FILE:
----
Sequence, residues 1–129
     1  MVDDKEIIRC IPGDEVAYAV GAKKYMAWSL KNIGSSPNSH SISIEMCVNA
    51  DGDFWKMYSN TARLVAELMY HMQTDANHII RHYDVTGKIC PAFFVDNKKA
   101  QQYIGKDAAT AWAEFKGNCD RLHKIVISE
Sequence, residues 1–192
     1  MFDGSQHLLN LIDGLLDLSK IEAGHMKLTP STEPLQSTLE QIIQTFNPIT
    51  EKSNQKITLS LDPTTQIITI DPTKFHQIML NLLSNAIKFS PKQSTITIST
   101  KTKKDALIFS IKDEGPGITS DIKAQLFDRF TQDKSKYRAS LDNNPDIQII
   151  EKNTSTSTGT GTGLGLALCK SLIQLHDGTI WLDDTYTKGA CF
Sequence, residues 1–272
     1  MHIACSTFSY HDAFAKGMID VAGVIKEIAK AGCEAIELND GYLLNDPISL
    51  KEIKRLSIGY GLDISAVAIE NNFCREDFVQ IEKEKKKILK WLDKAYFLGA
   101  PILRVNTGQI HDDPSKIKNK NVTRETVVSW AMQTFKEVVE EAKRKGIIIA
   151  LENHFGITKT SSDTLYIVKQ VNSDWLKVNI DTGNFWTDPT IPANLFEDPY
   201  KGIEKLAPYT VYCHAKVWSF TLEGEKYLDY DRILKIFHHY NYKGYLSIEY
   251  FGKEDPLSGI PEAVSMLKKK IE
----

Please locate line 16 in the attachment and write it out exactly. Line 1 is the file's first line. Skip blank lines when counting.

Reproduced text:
   251  FGKEDPLSGI PEAVSMLKKK IE